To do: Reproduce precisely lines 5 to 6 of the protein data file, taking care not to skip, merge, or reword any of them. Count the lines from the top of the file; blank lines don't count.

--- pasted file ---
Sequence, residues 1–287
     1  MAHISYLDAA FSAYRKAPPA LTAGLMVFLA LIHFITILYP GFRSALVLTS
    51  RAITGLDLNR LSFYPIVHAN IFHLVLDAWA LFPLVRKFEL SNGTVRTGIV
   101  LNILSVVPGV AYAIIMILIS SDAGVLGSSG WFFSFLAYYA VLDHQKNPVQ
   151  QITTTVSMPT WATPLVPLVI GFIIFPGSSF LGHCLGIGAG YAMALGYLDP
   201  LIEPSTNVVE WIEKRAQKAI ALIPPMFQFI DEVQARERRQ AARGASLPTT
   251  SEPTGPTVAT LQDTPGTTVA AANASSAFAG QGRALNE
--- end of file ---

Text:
   151  QITTTVSMPT WATPLVPLVI GFIIFPGSSF LGHCLGIGAG YAMALGYLDP
   201  LIEPSTNVVE WIEKRAQKAI ALIPPMFQFI DEVQARERRQ AARGASLPTT